I am not what you would say a happy man. But by the time I got married, things started to fall in place as it should be. There I found order and a pattern that made sense. And when it happened, I couldn’t bring myself to pick up after the pieces.

That night, I climbed up the bed and climbed up her. I was home again. A week later she wrote me a letter and told me she was all better now with the apricot trees in her view in the mornings except that sometimes she’s woken up by the drip from the tap late at night. But with all things considered, it was certainly a jubilant dream like in the song, she said.

We didn’t exchange numbers and soon the mailing addresses kept on changing and we stuck to just writing emails instead. We figured it was way faster although it felt strange not seeing her handwriting but I got used to it eventually.

“Where are you going?” It took several exchanges before she finally hinted about it. “There’s a vineyard I want to see in the south-west of France while it’s still spring.”

I sent her a map of the region where she was headed to from a reliable travel guide. “I looked it up and marked the places that should help you. I hope it checks out.”

I opened a can of beer and sat by the nightstand. I was listening to the music that played on TV. There were lanky Koreans dancing to some upbeat music, and they seemed to be really happy about their little routine. I wished I could play music. I always wanted a beautiful butterscotch gold Telecaster. I wished I could be Tom Waits that night. I wished I could write music like he did, sitting in a lonely bar somewhere.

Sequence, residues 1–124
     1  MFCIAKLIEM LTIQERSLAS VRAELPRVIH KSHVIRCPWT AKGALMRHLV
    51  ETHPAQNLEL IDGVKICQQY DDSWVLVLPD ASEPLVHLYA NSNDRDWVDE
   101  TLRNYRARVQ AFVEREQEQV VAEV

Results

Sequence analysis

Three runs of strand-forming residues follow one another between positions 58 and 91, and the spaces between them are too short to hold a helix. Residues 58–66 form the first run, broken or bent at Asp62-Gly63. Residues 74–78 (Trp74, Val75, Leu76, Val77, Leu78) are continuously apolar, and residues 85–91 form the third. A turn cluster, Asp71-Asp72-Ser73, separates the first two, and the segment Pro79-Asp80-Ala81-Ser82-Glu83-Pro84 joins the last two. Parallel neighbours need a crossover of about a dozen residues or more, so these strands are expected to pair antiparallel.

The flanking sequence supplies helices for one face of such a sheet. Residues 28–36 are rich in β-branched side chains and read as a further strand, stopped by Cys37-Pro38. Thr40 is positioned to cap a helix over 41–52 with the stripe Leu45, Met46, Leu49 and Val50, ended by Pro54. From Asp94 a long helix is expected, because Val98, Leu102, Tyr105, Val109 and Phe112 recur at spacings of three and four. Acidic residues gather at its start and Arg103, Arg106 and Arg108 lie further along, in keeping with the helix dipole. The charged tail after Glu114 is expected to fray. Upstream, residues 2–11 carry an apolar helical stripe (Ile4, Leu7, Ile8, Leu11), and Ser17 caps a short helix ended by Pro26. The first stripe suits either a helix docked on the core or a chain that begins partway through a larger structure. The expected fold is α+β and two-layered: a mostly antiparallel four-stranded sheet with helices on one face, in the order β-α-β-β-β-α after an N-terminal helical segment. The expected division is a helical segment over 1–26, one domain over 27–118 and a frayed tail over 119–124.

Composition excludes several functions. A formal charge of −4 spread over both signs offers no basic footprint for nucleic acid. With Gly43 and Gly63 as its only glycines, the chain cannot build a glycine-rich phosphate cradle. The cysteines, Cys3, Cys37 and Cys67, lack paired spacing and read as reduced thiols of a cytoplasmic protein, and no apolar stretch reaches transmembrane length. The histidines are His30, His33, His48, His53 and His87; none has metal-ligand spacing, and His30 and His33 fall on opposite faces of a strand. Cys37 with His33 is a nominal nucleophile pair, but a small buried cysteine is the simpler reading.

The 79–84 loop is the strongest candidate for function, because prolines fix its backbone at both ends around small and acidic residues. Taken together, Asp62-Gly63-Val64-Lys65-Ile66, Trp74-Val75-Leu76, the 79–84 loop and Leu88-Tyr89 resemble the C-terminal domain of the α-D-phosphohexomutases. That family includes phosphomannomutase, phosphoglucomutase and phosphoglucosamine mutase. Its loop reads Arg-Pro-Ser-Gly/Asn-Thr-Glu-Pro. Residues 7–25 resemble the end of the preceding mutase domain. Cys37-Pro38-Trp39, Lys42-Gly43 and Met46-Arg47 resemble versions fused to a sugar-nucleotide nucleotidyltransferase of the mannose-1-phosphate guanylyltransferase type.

Up until now I still do not know why I still keep in touch after all that had happened. I can still feel that the string that connects us will never be cut. The thread was too straight and that was the same problem that everyone else saw.

Not some two years ago I was visiting a friend for drinks on a weekend night. And on the way over to his place, I saw her in the passenger seat bobbing her head over and under behind the dashboard of David’s car. I didn’t know what to make out of it, and I couldn’t erase that image in my head.

It was said that Hemingway rewrote the ending of A Farewell to Arms over forty-seven times. I could only hope to do the same just this one time.

But since that’s not going to happen I guess, I would settle for some sleep at night, just enough to function in the morning. Except that sometimes I’m woken up by the drip from the tap. Then I’d remember her, and I would lay wide awake and dream about that jubilation dream of hers or alter it the way I would rather be, but then I’d snap out of it.

She called upon me from the bedroom and her voice streamed through the narrow hallway. The light from the lamp was dimmed and there was a gentle rustle from the trees outside the open window. Although it was cold, there was a faint light from the night sky that glistened on the bed sheets that silhouetted the leaves and the crooked branches. It didn’t do anything but it helped make the room appear warm. Her breath smelt of spring from the vineyards she visited and mine was a stench of burnt wood — of strong hard liquor, old American. She told me that I was in her dream, only I was not.

Only I was not.

Almost Famous

I never did well in a crowd. But I tried to stand there in a half circle with the boys watching the girls in their miniskirts in some friend’s party. I was particularly drawn on how detailed they were with their descriptions of a woman’s anatomy, about their psychology, on the time they spent to study that universe. I was so intrigued, it was like a complex algebra problem to me. I could never get it even if I tried harder.

I could very well be mistaken as a wallpaper. I was awkward and mean and dull. I guess looking back we all were at some point but I never got past that. I lacked personality and patience for any human interaction. I was a cockroach that everyone despised.

Luckily Bianca was fool-proof.